Tuesday, 3 August 2010

What's the BBC for?

David Graham's recent paper for the Adam Smith Institute is useful reading. Essentially, it proposes that BBC content is split into two, a free-to-air 'public service' broadcast component defined by government and the rest a subscription service.

Graham rightly demolishes both the BBC's fatuous reliance on a 'market failure' rationale to justify non-commercial output and what he terms 'regulation by platitude'. When the Edsel didn't sell, it wasn't market failure - just that Ford had built a turkey. The suggestion that the American taxpayer should have subsidised the Edsel because it's lack of popularity was 'market failure' is as risible as the BBC's application of the same reasoning to some of its output.

Likewise the deeply patronising set of 'public purposes' by which the BBC Trust defines its mission;

1. Sustaining citizenship and civil society
2. Promoting education and learning
3. Stimulating creativity and cultural excellence
4. Representing the UK, its nations, regions and communities
5. Bringing the UK to the world and the world to the UK
6. In promoting other Purposes, (helping) to deliver to the public the
benefit of emerging communications technologies and services and
(taking) a leading role in the switchover to digital television

But what Graham would put in place as the core free-to-air 'public service' component is actually little better. Having defined News, Sport, Serious Factual and Current Affairs as key social priorities, he then drifts off into confused human capital theory to justify something that sounds like Nanny in a new dress;
  • News and Current Affairs
  • Public Health and Welfare
  • Children and Education
  • Heritage
  • Promoting the UK Overseas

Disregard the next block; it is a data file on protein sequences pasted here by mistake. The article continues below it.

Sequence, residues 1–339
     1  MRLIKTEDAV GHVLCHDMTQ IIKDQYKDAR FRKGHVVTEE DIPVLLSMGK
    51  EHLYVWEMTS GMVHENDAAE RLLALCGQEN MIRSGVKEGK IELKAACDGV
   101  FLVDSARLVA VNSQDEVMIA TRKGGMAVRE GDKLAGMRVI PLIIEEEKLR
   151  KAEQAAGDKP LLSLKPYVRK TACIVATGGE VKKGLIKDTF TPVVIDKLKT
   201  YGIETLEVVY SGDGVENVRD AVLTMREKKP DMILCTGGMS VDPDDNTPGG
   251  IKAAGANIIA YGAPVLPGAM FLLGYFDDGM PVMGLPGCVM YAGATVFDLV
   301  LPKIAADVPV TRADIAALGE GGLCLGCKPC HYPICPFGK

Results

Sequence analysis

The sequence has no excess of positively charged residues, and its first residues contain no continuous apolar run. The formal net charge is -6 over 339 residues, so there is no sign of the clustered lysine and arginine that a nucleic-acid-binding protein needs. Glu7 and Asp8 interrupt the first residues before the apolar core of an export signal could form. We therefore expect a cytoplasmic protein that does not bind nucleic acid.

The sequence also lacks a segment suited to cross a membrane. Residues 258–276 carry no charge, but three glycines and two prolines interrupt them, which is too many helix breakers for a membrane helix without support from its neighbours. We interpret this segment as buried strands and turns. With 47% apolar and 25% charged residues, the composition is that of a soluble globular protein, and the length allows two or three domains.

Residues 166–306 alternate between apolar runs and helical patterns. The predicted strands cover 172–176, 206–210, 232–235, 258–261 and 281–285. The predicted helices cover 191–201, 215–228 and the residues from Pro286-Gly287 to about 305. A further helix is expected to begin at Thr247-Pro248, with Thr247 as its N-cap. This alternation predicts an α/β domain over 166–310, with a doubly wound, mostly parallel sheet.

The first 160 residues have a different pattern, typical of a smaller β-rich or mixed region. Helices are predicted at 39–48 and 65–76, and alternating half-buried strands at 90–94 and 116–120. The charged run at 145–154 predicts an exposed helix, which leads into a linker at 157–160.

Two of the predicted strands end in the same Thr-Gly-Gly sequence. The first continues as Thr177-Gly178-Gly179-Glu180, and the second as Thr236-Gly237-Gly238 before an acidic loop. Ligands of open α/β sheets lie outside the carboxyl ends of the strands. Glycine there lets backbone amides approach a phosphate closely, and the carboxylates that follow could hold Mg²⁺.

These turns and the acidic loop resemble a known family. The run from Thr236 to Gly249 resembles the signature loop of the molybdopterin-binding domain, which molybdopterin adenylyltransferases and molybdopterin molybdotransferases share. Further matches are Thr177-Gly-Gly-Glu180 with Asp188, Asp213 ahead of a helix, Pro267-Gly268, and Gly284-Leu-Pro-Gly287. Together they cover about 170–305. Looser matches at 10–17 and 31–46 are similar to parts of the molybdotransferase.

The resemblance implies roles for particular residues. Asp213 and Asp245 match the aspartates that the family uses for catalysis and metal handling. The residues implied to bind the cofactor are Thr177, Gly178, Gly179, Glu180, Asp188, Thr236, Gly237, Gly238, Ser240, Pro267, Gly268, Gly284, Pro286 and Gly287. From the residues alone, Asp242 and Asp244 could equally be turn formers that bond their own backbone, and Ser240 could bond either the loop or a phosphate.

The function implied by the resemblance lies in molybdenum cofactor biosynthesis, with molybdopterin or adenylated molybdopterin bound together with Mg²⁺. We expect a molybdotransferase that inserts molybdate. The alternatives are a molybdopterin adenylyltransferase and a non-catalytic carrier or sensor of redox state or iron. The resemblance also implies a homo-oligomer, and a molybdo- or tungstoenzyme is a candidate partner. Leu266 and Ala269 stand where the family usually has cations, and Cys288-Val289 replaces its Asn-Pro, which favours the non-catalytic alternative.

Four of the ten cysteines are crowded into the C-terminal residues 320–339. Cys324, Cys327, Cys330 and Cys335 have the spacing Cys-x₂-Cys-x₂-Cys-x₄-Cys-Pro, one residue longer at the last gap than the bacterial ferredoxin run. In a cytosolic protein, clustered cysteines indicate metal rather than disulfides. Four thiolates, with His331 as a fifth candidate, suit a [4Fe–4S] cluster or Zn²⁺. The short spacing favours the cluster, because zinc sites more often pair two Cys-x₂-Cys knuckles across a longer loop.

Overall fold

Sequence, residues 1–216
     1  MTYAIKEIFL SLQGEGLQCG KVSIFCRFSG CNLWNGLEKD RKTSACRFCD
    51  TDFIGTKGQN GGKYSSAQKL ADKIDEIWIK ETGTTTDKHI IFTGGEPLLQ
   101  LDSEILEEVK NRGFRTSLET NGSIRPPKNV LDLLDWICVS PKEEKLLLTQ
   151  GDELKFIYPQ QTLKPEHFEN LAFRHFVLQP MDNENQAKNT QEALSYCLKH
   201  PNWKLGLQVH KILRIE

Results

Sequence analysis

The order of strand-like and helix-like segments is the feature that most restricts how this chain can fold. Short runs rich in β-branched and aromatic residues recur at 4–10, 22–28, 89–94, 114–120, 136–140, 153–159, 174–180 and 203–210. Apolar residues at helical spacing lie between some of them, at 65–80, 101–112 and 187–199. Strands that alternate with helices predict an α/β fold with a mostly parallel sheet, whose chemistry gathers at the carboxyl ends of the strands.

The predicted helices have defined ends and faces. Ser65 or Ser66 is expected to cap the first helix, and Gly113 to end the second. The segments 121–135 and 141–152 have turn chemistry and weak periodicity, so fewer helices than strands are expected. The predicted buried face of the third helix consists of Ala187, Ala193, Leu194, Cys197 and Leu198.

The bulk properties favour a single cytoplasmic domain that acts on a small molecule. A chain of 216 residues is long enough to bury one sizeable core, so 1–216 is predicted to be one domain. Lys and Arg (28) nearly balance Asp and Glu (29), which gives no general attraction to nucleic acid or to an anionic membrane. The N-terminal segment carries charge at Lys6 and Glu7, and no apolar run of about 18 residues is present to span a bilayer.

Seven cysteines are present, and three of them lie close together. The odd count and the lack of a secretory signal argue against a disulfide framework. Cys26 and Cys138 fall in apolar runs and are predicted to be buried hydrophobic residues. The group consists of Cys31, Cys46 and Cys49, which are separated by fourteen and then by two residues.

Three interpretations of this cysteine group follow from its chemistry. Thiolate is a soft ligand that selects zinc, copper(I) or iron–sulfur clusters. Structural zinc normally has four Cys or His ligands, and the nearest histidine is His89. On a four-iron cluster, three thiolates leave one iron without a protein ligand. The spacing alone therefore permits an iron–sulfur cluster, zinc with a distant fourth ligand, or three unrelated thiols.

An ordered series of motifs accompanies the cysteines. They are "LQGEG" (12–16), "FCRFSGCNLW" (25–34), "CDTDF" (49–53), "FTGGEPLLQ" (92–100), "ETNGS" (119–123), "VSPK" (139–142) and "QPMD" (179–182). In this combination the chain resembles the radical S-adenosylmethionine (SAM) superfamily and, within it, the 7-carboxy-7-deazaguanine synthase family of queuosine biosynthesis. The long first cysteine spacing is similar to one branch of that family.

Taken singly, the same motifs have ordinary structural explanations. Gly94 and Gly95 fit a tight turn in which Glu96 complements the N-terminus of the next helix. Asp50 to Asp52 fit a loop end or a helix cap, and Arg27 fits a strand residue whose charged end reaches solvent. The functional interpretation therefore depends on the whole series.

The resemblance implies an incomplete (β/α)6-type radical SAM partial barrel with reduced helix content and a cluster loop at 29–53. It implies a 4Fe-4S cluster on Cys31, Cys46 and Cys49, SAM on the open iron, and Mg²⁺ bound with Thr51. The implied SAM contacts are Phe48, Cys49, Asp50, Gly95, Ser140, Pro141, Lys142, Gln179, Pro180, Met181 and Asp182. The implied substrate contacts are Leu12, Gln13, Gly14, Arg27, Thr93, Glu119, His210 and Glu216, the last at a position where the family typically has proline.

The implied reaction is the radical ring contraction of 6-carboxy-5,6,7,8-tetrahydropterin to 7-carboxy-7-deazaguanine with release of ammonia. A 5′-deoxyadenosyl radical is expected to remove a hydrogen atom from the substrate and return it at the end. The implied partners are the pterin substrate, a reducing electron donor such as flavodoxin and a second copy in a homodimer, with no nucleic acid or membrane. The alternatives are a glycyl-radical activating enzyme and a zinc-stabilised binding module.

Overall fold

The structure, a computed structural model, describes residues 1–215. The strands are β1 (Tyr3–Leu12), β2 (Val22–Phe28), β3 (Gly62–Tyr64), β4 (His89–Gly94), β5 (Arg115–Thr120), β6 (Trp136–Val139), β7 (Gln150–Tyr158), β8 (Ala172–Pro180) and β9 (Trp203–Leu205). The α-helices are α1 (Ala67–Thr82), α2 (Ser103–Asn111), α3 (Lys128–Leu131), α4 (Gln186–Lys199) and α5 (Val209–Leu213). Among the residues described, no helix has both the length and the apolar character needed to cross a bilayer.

• Market Failure
You see, no broadcaster seems able to resist the opportunity of the medium for social engineering - whether it's Graham's agenda or the BBC Trust's. I remember the Canadians nearly killing off animation as a serious broadcast art form there by subsidising the most awful, truly dreadful politically correct cartoonists on the grounds of 'Market Failure' - i.e. that they were so crap nobody else was interested. The words 'Now here's a short animation from the Canadian National Film Board ..' used to sound like an invitation to ritually disembowel yourself rather than endure seven minutes of wobbly feminist stick figures interacting with fish. Not on my taxes, thanks; take it to some arts centre in Neasden, or Hull.

Let's stick with free-to-air News, Sports, Serious Factual and Current Affairs and this part of the BBC will continue to lead the world - given it's independence of government, and a governing body free of the drive to impose a normative agenda on the nation.


SimonF said...

The BBC really is good value for money and desired by everyone. The programme quality is second to none and meets everyone's needs. Furthermore, the license fee is so cheap it isn't resented except by selfish right wingers. And anyway, if you don't like it you don't have to watch or listen.

How do I know this? There was a discussion on the ASI report on Sunday morning Radio 5 Live and the presenter and her guests all agreed that the BBC is GOOD thing. All the texts and emails, except from those very few from selfish right wingers, praised the BBC and all agreed that my money was well spent.

So, there you have it, end of debate.

Anonymous said...

Utter fantasy.

No government can keep it hands off the BBC no matter what shape it is. It is fascinating to watch the BBC wriggle to stay in existence (iPlayer, Canvas etc) whilst technology takes it far far from its Reithian broadcasting origins.

It is a monstrous dinosaur in the room and should be made extinct as soon as possible.

What next BBCTwit?

johnse18 said...

SimonF: If the license fee is such good value for money and the BBC is "desired by everyone" then clearly there is no need to make the purchase of a license compulsory on pain of getting a criminal record.

With the BBC being so universally loved people will be voluntarily queueing up to give it money.

Tufty said...

The problem is that the BBC is an institution and like all institutions, it doesn't have anything interesting or informative to say. It doesn't attract interesting people, it attracts those who wish to spend their working lives in an institution. Get rid of it.

SimonF said...


Quite agree. Unfortunately this point is lost on the BBC and its cheerleaders.